Miniature Financiers Recipe

Bébé Financiers

What is it with mini things that makes them so damn irresistible?

I have always wanted to make mignardises, those sweet little bites that they serve with coffee in upscale restaurants. The name alone is enough to make you want them : “mignardise” comes from “mignard”, an old-fashioned word which, as a noun, means a small child, and as an adjective means delicate, graceful and pretty. Mignardise-mignardise-mignardise — you try saying it, see how addictive it is.

And mignardises were exactly what I had in mind when I bought my new Flexipan molds, the one for little tartlets and the one for hemispherical petits fours. I was delighted to get them just in time for Sunday, as we had invited six of our friends over for the goûter. I like the idea of serving mini-things on this sort of occasion, because it is somehow less imposing on your guests’ appetite, you avoid force-feeding them a slice of cake when maybe they’ve eaten gargantuesquely all week-end, and all they dream about is a cup of tea and a celery stick.

I decided to make financiers, those little almond cakes traditionally baked in shallow rectangular molds. You may, like me, wonder about the origin of the name, and I will share the two stories I’ve been told : some say it’s because they include almond flour and butter, pricy ingredients that only bankers could afford ; others say it is because in the traditional shape they look like gold ingots, and are hence favored by rich people. Whatever the reason, they are a delicious treat, buttery and nutty, slightly crisp on the top and edges, while sweetly soft and moist inside.

Mini Cookbook of French Tarts

As it turned out, the appetite of my guests really wasn’t a problem, and we all enjoyed my bébé financiers, which I had made in three different versions : some were left plain, others were decorated with a pistachio, and the rest was flavored with chocolate (and I have also had excellent results in the past decorating them with raspberries). To these I added a batch of mini blueberry muffins made with the mix Alicia had sent me from Maryland, also baked in my petit-four tray.

And some organic cherries, too, to cancel out the calories.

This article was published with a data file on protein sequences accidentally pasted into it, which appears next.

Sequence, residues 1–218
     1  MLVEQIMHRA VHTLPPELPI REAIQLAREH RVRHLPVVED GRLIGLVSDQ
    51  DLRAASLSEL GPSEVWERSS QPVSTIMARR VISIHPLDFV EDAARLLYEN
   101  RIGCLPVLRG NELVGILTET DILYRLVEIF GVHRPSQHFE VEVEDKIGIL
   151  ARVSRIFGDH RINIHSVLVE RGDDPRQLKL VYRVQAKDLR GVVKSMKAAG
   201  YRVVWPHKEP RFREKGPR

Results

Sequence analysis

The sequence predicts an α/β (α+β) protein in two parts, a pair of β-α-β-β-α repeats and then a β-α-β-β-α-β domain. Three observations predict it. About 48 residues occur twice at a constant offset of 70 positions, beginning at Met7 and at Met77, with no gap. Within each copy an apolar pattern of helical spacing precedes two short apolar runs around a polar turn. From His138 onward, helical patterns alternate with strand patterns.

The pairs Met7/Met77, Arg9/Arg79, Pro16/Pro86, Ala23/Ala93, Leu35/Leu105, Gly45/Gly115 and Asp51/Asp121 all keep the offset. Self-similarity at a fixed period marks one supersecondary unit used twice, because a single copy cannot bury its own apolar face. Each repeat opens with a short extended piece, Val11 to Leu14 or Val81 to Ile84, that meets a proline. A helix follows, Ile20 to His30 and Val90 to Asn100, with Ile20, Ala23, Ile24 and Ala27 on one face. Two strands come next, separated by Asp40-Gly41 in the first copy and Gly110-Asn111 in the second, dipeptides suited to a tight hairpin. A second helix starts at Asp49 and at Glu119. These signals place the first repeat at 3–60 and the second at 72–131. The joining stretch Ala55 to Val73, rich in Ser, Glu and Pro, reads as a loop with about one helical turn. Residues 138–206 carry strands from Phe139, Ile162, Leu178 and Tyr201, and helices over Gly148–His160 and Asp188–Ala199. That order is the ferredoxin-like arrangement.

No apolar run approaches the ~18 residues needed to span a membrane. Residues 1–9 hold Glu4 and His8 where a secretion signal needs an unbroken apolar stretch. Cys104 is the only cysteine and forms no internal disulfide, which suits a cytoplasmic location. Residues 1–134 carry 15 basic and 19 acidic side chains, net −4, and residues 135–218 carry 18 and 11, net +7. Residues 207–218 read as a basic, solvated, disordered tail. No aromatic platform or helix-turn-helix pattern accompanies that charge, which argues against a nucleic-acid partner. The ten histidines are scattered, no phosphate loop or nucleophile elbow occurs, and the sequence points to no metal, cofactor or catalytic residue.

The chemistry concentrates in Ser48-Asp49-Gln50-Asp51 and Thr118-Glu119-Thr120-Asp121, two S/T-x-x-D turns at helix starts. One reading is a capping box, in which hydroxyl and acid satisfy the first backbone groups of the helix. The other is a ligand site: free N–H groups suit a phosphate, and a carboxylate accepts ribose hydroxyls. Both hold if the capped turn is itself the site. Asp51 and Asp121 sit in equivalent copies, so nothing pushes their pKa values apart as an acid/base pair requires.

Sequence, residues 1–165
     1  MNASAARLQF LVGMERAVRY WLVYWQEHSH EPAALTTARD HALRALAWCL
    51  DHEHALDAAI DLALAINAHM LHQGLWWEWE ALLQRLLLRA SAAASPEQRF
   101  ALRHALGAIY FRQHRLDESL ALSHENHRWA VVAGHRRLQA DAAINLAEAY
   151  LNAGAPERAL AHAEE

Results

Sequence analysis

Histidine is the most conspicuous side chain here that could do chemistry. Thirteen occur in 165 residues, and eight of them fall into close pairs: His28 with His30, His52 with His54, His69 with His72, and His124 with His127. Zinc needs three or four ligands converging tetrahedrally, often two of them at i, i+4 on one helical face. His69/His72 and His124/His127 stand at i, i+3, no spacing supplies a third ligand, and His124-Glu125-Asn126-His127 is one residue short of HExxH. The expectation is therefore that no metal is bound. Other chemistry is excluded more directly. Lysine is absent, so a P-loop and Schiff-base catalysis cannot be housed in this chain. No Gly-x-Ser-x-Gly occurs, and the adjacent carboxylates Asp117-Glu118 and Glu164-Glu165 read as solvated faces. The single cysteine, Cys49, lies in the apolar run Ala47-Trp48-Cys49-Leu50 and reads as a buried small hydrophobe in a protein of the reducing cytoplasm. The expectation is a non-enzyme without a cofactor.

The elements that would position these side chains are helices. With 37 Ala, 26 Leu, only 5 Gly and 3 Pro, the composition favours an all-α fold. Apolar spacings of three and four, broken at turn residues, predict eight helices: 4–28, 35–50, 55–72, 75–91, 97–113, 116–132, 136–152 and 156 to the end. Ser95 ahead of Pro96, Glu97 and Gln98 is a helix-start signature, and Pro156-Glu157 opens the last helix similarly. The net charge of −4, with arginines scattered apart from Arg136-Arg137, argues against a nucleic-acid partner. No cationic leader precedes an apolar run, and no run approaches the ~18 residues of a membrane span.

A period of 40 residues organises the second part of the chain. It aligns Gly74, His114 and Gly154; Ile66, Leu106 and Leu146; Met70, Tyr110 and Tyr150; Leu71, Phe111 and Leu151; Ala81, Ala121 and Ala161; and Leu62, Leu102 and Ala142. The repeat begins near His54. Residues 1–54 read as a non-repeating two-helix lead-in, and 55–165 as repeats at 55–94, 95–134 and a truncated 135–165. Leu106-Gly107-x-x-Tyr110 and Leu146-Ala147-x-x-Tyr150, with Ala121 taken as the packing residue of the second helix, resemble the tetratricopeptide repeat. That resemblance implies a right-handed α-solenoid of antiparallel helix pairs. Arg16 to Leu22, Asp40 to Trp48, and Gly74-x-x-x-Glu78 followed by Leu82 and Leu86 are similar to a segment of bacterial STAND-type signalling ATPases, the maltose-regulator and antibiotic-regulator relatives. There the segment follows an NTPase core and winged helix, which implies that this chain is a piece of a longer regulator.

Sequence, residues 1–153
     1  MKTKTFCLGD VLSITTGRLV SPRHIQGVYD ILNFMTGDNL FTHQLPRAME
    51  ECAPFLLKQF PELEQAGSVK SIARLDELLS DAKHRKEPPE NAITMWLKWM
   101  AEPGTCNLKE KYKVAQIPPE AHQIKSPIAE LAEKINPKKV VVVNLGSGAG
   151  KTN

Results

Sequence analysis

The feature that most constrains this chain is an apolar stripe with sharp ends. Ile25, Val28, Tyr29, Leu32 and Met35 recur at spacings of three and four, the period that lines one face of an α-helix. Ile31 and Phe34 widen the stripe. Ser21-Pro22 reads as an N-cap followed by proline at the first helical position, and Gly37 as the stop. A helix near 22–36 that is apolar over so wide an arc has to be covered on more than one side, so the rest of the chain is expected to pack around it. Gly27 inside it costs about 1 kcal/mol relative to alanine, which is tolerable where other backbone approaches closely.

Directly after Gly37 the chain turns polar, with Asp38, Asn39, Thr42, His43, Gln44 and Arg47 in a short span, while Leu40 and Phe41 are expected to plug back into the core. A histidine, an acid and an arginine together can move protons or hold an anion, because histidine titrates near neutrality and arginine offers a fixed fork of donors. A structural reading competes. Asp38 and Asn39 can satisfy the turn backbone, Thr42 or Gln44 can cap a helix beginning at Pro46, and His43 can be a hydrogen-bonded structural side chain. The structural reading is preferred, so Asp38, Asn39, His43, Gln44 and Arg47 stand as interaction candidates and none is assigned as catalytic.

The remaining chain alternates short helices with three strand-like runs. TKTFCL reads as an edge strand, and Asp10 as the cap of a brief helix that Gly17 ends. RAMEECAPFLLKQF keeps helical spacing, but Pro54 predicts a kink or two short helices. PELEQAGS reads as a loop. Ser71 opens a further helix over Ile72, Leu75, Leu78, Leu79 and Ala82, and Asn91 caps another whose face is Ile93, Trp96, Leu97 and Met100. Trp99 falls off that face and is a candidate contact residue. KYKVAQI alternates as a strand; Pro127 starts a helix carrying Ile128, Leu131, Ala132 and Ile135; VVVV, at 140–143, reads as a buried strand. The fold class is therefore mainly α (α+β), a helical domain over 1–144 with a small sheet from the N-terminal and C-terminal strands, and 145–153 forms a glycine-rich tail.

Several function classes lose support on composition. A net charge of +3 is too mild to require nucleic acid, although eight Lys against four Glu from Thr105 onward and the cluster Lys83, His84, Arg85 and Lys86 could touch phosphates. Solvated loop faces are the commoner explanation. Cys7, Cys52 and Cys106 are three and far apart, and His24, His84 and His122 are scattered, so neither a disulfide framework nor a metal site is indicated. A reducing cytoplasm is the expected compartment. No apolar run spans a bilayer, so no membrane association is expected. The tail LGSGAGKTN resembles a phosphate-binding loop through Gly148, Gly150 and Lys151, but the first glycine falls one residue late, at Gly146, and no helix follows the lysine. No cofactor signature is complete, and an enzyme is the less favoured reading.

– 125 g sugar
– 125 g almond flour (= almond meal or ground almonds)
– 4 egg whites, or 2 eggs
– 70 g butter (+ 20 g for the molds if not using nonstick)
– 20 g flour

Optionally :
– 3 Tbsp cocoa powder + 3 Tbsp strong coffee
– and/or pistachios
– and/or chocolate chips
– or raspberries

(Makes 12 regular size financiers, or 36 mignardises.)

Preheat the oven to 180°C (360°F).

Melt the butter in a small saucepan over gentle heat. Bring to a simmer and cook for 2 minutes, until lightly browned and nutty-smelling. Set aside to cool slightly. In a medium mixing bowl, combine the sugar and almond flour. Add in the eggs and mix well with a fork. Add in the melted butter, mix again, then add in the flour, stirring while you pour.

At this point, you can stir in the cocoa powder and coffee if you want to make chocolate financiers. Alternately, you can divide the batter and add cocoa powder and coffee to one part only, in proportion.

Butter the molds if they’re not nonstick or otherwise blessed with magical powers, then pour the batter in each individual mold, filling it up just to the rim. If you like, you can add raspberries (a line of three for the regular-sized ones, like buttons on a clown outfit, or just one on top of mini ones), pushing them down in the batter slightly, or pistachios, or chocolate chips (these you shouldn’t push down).

Bake for ten to eighteen minutes, depending on the size and shape of your molds. The financiers should puff up a bit, get golden and slightly crusty on the edges, but they will still feel soft to the touch. Let stand for a few minutes, before turning them out on a rack to cool completely. The bottoms have a tendency to be a bit sticky when still warm, so you may want to put them upside down on the rack, or put them on a sheet of parchment paper.

  • Ils sont tres tres migons!!!

    I didn’t know that those small madelaine-like treats they serve with coffee/tea were called mignardises. Cute!

    And, how was the new pan? I have been considering buying some silicon pans for years now, it has never happend yet…



    My friend’s husband calls her “Baby Cakes” – you can be sure I will share this recipe with her. I was sorry to find how very expensive the Flexipans are in America. I would never be able to justify the $87.00 cost of the one I most wanted. Mini-cupcake pans will have to do for now – until I win the lottery!